Save our Eyes told South Leeds Life:
“Sally and Alice’s experiences, and those of many other local people, show how grossly distorted things have become in Holbeck. What’s more, all our research tells us that the women who are actually prostitutes are vulnerable, being preyed upon, trapped in a criminal racket, and being treated like slaves.”
Against the backdrop of these stories (available to read at www.saveoureyes.co.uk), and the ongoing events and impact of the scheme, local campaigners and residents have held two on-street protests, and are planning more for the autumn. All this has led to a surge of interest on social media – with heated opinions for and against the scheme. And the mainstream media, local and national – including the Sun, the Daily Telegraph, the Independent, the YEP, and Leeds Live – have also all recently run major stories.
A spokesperson for Safer Leeds – a partnership between Leeds City Council and West Yorkshire Police, overseeing the scheme – responded as follows:
“The Managed Approach was introduced to find a long-term solution to the complexities of street based sex work in Holbeck, where it has remained a prominent issue for many years. As part of our ongoing commitment to listen to the community, and to reduce local impact, aspects of the Managed Approach have evolved over time. But there is still a lot that needs to be done. We will continue our dialogue with local representatives – and the work on the Managed Approach is under continuous review, to ensure it’s meeting our aims as far as possible. If this is not the case, further steps will be taken, and further options considered.”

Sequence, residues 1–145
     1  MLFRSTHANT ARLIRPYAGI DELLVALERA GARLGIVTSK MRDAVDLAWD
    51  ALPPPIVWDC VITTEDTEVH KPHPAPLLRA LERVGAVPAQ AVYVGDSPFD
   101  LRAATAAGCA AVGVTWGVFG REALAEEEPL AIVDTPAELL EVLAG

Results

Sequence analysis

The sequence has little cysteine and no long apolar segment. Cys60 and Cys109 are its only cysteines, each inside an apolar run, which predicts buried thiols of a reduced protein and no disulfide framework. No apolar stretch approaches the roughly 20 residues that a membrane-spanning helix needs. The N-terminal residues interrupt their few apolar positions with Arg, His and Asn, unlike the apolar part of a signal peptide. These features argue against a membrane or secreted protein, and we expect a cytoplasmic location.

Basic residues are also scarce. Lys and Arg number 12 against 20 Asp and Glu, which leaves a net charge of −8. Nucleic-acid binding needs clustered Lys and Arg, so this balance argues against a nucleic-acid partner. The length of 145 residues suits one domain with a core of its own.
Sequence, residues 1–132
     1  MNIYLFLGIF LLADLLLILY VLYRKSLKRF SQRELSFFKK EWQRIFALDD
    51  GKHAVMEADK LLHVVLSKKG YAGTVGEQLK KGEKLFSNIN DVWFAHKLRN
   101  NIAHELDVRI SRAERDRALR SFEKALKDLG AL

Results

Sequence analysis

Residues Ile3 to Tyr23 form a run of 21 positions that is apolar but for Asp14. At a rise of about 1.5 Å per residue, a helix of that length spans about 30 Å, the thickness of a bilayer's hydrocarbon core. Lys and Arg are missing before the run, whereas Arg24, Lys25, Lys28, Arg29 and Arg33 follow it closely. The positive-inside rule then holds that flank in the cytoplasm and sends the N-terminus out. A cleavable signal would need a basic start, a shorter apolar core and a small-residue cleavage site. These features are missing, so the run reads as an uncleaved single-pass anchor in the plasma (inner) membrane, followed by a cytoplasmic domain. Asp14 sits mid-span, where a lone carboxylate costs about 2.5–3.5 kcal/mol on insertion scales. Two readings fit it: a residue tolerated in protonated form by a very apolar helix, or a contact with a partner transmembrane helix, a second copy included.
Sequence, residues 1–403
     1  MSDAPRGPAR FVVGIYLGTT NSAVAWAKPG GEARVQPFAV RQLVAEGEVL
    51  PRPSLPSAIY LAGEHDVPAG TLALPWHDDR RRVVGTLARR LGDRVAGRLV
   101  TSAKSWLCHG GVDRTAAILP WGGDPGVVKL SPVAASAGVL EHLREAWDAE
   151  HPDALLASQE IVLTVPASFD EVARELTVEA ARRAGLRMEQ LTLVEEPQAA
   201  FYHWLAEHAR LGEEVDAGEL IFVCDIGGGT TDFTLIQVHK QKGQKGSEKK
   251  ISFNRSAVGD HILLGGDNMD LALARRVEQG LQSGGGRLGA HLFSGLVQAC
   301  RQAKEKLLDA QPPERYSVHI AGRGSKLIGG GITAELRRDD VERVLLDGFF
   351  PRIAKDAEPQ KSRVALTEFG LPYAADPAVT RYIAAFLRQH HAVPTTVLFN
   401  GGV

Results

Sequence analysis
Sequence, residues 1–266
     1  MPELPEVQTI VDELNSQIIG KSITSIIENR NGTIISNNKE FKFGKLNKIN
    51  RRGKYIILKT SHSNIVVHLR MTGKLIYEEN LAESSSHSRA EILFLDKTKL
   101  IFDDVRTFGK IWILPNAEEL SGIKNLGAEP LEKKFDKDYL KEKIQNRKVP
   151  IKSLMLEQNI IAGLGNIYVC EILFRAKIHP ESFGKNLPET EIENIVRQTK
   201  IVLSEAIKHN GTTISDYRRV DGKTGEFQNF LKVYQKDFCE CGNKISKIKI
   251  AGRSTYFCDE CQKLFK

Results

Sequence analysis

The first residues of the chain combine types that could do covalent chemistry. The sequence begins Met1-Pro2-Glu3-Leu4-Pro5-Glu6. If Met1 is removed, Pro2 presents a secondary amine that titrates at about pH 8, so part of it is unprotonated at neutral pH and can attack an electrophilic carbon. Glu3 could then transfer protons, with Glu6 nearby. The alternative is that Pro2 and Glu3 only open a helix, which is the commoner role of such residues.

And Gemma Scire, the CEO for Basis Yorkshire – a local charity supporting vulnerable women, including sex workers – has also spoken out, insisting that women everywhere need protection – and that Basis works to that end, not simply for the Managed Approach itself. She also provided us with a lengthy response to Sally and Alice’s stories, which we have reproduced in its entirety (see below).
In it, Gemma stresses that rates of sexual violence nationally are increasing whilst services for women are being drastically cut; and that both Alice and Sally’s stories, in which the perpetrators felt justified – and were indeed legally vindicated – to attack the women, indicate the particular stigma and vulnerabilities faced by women who are selling sex. She stresses the total importance of believing survivors of sexual violence, giving them the support they need, and having a criminal justice system that responds compassionately and justly to them.”
The Holbeck Managed Approach was conceived in 2014, initially as a pilot, and later extended. It permits on-street sex work in a light industrial area between residential Holbeck and the city centre, with the Council and Police putting in extra resource to manage it.